Battered and bruised, Hong Kong cleans up for sensitive Chinese anniversary

Battered and bruised, Hong Kong cleans up for sensitive Chinese anniversary

An anti-government protester stands behind a burning barrier during a demonstration, in Hong Kong
An anti-government protester stands behind a burning barrier during a demonstration, in Hong Kong, China September 29, 2019. REUTERS/Tyrone Siu/File Photo

HONG KONG: Hong Kong's metro stations and roads re-opened on Monday (Sep 30) after a chaotic weekend that saw police fire water cannon, tear gas and rubber bullets at protesters who set fires and threw petrol bombs outside government offices and across central districts.

The Chinese territory is on edge ahead of the 70th anniversary of the founding of the People's Republic on Tuesday, with authorities eager to avoid scenes that could embarrass the central government in Beijing.

READ: Intense Hong Kong clashes ahead of China's 70th anniversary

READ: Our coverage of the Hong Kong protests

A huge clean-up was under way after roads, shops and buildings across the financial centre were daubed in graffiti, windows in government buildings smashed and parts of pavements uprooted by protesters during the weekend's demonstrations.

Some underground stations were vandalised and streets were littered with debris from roadblocks and the charred remains of fires.

On Sunday, a police officer fired a warning shot into the sky after protesters surrounded and attacked some police officers near Wan Chai MTR station.

Two prominent activists, actor Gregory Wong and Ventus Lau, were arrested for their involvement in protests, according to a representative for the Civil Human Rights Front (CHRF), the organiser of previous rallies.

Hong Kong police did not immediately confirm the arrests.

CHRF said on Monday that authorities had rejected a permit for a march planned for Tuesday from Victoria Park in the bustling tourist district of Causeway Bay to Chater Road, next to government headquarters, based on security concerns.

Protesters are expected to proceed with demonstrations across Hong Kong regardless.

The city's leader Carrie Lam, the focus of the unrest, made a last-minute decision to mark the People's Republic anniversary in Beijing. The embattled leader had sent out invitations "requesting the pleasure of your company" at a flag-raising ceremony and reception in Hong Kong on Tuesday.


Security was tight around the Convention Centre where the ceremony is due to take place, with roads closed and riot police on guard. A series of strikes are planned on Monday and multiple demonstrations are scheduled on Tuesday.

It was not clear whether Mrs Lam was summoned to Beijing due to the escalation in the violence on the weekend. The government said Chief Secretary for Administration Matthew Cheung Kin-chung will stand in for her at the anniversary ceremony.

READ: Hong Kong police warn protests on China's National Day will be 'very, very dangerous'

Hong Kong protests Sep 29, 2019 molotov cocktail
A protester throws a Molotov cocktail during clashes with police following an unsanctioned protest march through Hong Kong on Sep 29, 2019. (Photo: AFP/Nicolas Asfouri)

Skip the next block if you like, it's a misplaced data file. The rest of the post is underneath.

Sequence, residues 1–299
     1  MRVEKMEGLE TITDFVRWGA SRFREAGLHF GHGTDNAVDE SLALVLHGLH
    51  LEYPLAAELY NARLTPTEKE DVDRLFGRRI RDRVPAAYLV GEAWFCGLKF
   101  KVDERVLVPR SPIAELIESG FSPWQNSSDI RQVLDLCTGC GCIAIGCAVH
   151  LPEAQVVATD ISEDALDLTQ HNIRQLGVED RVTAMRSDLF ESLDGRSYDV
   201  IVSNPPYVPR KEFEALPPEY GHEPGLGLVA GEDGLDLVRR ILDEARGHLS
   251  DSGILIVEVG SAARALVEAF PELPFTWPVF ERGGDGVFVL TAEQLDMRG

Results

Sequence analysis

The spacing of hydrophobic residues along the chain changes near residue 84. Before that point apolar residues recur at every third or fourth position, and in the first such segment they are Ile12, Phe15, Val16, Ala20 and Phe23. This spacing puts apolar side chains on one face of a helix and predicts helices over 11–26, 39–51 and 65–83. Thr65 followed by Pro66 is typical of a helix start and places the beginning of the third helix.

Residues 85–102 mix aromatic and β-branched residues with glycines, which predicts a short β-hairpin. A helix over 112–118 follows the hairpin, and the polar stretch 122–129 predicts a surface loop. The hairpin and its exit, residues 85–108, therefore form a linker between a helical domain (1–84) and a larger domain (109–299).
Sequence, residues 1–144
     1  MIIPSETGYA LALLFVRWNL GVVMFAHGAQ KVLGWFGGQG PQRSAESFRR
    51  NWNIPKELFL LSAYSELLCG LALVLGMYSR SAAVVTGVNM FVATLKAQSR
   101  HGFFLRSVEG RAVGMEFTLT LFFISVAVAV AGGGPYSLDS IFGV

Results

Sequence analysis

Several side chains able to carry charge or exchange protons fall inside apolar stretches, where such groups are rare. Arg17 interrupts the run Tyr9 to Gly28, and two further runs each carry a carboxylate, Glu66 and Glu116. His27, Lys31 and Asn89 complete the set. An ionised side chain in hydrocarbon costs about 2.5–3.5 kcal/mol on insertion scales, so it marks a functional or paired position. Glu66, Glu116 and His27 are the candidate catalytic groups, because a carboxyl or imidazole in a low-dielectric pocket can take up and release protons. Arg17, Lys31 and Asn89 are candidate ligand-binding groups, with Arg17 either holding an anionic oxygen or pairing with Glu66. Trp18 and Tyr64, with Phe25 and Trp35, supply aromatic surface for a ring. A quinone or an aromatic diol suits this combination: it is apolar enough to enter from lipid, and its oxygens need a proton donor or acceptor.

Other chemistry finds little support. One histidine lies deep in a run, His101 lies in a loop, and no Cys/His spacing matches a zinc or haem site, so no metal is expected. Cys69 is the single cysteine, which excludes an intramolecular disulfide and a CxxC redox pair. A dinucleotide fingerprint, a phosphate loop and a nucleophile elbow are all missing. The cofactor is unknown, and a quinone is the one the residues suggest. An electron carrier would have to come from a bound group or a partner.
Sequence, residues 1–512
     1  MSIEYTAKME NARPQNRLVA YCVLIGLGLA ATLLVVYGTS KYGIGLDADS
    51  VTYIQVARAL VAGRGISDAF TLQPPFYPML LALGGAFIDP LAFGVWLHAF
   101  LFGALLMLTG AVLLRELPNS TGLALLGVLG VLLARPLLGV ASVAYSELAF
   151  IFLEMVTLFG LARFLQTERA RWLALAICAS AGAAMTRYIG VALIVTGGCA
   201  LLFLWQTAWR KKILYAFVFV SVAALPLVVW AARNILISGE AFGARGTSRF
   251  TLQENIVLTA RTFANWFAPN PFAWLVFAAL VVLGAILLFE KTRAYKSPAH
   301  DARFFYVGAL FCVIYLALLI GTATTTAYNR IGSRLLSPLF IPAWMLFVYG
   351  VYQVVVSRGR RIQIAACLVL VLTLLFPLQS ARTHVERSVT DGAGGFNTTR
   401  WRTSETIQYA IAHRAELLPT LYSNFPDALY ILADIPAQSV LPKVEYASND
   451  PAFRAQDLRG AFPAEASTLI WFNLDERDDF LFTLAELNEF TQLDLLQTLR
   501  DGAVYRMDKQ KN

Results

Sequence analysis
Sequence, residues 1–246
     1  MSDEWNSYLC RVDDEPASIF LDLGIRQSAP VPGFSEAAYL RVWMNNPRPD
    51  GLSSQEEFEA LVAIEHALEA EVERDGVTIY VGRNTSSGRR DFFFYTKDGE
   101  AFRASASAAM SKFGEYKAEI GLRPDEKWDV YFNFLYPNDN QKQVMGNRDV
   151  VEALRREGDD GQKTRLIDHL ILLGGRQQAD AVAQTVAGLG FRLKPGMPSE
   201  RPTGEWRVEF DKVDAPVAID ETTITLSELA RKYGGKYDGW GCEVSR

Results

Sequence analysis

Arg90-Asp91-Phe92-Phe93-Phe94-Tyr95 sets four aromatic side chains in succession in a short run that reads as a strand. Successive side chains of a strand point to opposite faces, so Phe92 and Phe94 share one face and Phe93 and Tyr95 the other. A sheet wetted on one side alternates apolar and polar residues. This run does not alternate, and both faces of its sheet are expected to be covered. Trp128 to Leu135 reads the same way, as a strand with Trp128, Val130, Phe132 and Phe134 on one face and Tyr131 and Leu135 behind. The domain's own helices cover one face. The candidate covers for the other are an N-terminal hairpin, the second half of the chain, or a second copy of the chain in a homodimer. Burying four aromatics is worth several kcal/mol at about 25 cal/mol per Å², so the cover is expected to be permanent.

The unrest over the weekend saw some of the worst and most widespread violence in more than three months of anti-government demonstrations in the Asian financial hub.

The weekend marked the fifth anniversary of the start of the Umbrella protests - a series of demonstrations in 2014 that failed to wrestle concessions from Beijing.

The latest clashes began mid-afternoon on Sunday and continued late into the night, as thousands of masked protesters roamed the streets, facing off against riot police amid plumes of tear gas and raging fires.

Protesters are angry about what they see as creeping interference by Beijing in their city's affairs despite a promise of autonomy when British rule ended in 1997.

READ: Commentary: Reverence for the rich and powerful hold Hong Kong back from badly needed reforms

The trigger for the protests was planned legislation, now withdrawn, that would have allowed people to be sent to mainland China for trial, despite Hong Kong having its own much-respected independent judiciary.

The protests have since broadened into calls for universal suffrage.

By early morning on Monday, all MTR metro stations on the city's main island were open as normal. Staff could be seen repairing damage and clearing debris from in and around the stations.

Workers at a Starbucks outlet targeted by protesters were shovelling broken glass into garbage bags and peeling anti-China posters off the walls.

Starbucks stores in Hong Kong are run by the Maxim's Group, which has drawn the ire of protesters after Annie Wu, the daughter of the founder, criticised the protests during an appearance at the United Nations earlier this month.

Many restaurants and stores have had to repeatedly shut with the protests taking a growing toll on the city's economy as it faces its first recession in a decade.

An Indonesian journalist was hit in the eye by a rubber bullet on Sunday and was hospitalised. The Indonesian Consulate in Hong Kong confirmed that one of its citizens had been injured.

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Source: Reuters/mi/nc